Rural electrification associations face buyouts from big operators

Contentious Members have a number of options, including contract management or outright sale

Reading Time: 3 minutes

The rural electrification associations (REA) that brought power to rural Alberta in the 1950s after the province said it couldn’t afford to, may soon become an endangered species.

Citing high maintenance and operating costs as well as onerous safety regulations, REAs across the province are being purchased by ATCO.

The Peace Country REA (PCREA) is now on the block and members will be voting on ATCO’s offer of about $20,000 for each site. Total purchase price would be $66 million.

It’s been likened to “selling the farm and then being forced to buy back the crop each year,” says a consultant hired by the PCREA Board to provide recommendations. The report recommends the association move to a self-operating business that would manage its own operations, and the board is supporting that recommendation.

The offer to purchase is a contentious issue across the wide geographical area covered by PCREA. Aside from the self-operating entity, the two other options include to continue to contract with ATCO for most operations, maintenance and new construction or to sell the REA to ATCO and go forward under ATCO electric tariffs.

PCREA president Clarence Gabert says research indicates that the self-operating model is the best, lowest-cost way to provide energy.

There are seven other self-operating REAs representing 37,000 members in the province. These organizations have been able to offer lower contract and Regulated Rate Option (RRO) rates and have done so consistently over the five years, said Gabert. In a letter to his members, he said the organization “can finance the necessary capital additions, their replacements over time, and replenish and grow the deposit reserve to more than $2 million.”

Information distributed to members said PCREA assets are increasing in value every year based on ATCO’s own formula for valuation, and questions selling an asset increasing in value.

If members vote to move to a self-operating status, the board said it would use North Parkland Power as a model. PCREA indicates that the RRO for all sizes of transformers would be lower using this model, estimating annual savings between $600-$1,900.

Only options

There wasn’t much of a question a couple of years ago when ATCO came calling to the Peace Grove-Worsley REA. By March 2011, 98 per cent of members voted to accept the $13-million deal which paid $19,492 for each site.

President Nick Hudak said selling was the only viable option, and the sale was “the best business decision” given the ever-increasing set of what he called “onerous rules and regulations.”

“All of the responsibility lies with the REA and its board as the prime contractor,” said Hudak. “It was almost getting where you couldn’t make a move without breaking a law.”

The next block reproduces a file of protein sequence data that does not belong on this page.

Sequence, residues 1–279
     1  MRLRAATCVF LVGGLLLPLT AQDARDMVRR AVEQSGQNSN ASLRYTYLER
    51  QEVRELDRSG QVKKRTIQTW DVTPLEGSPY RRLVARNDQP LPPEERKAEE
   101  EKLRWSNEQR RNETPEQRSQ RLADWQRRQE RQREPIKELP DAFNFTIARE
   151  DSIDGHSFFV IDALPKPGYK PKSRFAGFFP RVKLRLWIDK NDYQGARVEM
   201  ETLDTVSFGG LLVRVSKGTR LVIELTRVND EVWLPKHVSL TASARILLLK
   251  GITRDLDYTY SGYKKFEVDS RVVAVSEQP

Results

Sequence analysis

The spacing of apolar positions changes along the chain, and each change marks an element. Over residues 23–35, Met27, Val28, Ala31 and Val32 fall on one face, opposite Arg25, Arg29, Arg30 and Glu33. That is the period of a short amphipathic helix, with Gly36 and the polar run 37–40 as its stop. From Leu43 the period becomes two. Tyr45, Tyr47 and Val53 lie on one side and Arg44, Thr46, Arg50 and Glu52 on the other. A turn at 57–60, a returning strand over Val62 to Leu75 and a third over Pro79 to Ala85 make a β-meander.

ATCO had been pursuing the REA for some time. “There was a time I never thought we’d ever sell,” said Hudak. “But when the day comes that you can’t save your members a dollar, you have to ask yourself what you’re doing.”

The Peace Grove-Worsley REA looked at other options as well, including contracting out all its maintenance and operations, but Hudak said “it wasn’t cost favourable at all.”

At the time, ATCO told members it expected to recover less than half of the sale price from electricity costs paid by members over the next 25 years, he said. The time was ripe for selling, Hudak said, since the REA was in good shape financially, the lines were in good condition and a sale would be prudent before lines and other materials had the chance to depreciate.

Some 17 months on, Hudak said members seem to be mostly happy with the sale. “The only jolt was that as an REA member you paid discounted rates for idle taps, about $12 a month. Once ATCO took over, that figure came to around $33.”

If the REA hadn’t sold, the rates would still have had to be raised, Hudak said. As part of the deal, ATCO also footed the bill for a $240,000 ground rod replacement project, he said. “We really had no choice given the sheer amounts of rules and regulations required now, it was the only way to go.”

Still, larger REAs like Central Alberta and South Alta are crying foul. “The multinational is eliminating their competition without risk to stockholders and making an additional profit while spending their Alberta customer money — not their own money,” says a press release. Where else, asks the REAs, can a company “that has a monopoly within a defined, protected service area be permitted to systematically buy out the competition… without risk to stockholders, include the cost of those buyouts in their approved customer rates and then receive a guaranteed return on the investment expense to buy out their competition?”

About the author



Stories from our other publications